The Price of Scotland: Darien, Union and The Wealth of Nations

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Luath, 2007 - History - 312 pages
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The Price of Scotland covers a well-known episode in Scottish history, the ill-fated Darien Scheme. It recounts for the first time in almost forty years, the history of the Company of Scotland, looking at previously unexamined evidence and considering the failure in light of the Company's financial records. Douglas Watt offers the reader a new way of looking at this key moment in history, from the attempt to raise capital in London in 1695 through to the shareholder bail-out as part of the Treaty of Union in 1707. With the tercentenary of the Union in May 2007, The Price of Scotland provides a timely reassessment of this national disaster.

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Contents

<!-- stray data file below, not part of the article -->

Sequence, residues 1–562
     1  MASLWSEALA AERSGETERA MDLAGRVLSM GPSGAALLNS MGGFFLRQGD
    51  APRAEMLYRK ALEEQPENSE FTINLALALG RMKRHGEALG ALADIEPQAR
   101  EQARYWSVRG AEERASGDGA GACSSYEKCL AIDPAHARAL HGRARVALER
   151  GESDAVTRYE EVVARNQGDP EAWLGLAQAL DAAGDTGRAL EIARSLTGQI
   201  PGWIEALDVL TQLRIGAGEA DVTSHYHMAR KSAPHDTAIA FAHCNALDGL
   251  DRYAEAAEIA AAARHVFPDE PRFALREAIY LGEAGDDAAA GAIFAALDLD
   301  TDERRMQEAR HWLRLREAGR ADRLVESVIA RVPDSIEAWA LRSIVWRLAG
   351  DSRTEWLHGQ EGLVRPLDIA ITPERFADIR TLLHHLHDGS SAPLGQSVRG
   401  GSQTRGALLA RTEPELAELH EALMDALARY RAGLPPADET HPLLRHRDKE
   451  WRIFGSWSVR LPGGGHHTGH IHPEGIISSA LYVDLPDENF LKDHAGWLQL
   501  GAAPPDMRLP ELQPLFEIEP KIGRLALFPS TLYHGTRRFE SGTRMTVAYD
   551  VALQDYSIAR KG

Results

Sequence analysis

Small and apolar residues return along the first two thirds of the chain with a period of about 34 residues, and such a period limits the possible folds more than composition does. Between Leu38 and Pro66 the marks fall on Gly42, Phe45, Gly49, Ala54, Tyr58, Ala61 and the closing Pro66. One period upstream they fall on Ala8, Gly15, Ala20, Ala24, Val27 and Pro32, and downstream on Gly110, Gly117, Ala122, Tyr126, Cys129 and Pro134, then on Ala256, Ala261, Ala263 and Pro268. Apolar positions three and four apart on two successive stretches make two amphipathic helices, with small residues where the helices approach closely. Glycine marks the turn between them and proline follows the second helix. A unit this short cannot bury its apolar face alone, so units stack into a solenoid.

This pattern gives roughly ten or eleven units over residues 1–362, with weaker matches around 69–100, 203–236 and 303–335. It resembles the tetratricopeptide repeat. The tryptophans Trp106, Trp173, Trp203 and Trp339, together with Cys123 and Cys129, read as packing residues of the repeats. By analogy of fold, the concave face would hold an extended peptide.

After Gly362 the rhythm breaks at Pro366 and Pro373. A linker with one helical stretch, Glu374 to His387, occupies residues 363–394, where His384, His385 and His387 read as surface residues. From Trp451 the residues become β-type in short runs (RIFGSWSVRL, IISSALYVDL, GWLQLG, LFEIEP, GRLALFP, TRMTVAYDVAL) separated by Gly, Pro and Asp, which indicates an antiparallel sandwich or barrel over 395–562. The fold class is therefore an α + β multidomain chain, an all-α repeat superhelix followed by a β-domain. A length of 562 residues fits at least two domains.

CHAPTER TWO Imperial Bliss
13
CHAPTER FOUR London Scots
47
CHAPTER SIX Directors
65
Copyright

11 other sections not shown

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About the author (2007)

Douglas Watt has combined in The Price of Scotland his twin loves of Scottish history and finance. He was educated at Edinburgh University where he gained his PhD in Scottish History, and has written a number of articles based on the results of his post-doctoral research. He worked for nine years as an investment manager and is currently working for First State Investments in Edinburgh. Douglas Watt lives in Linlithgow with his wife Julie and their three children.

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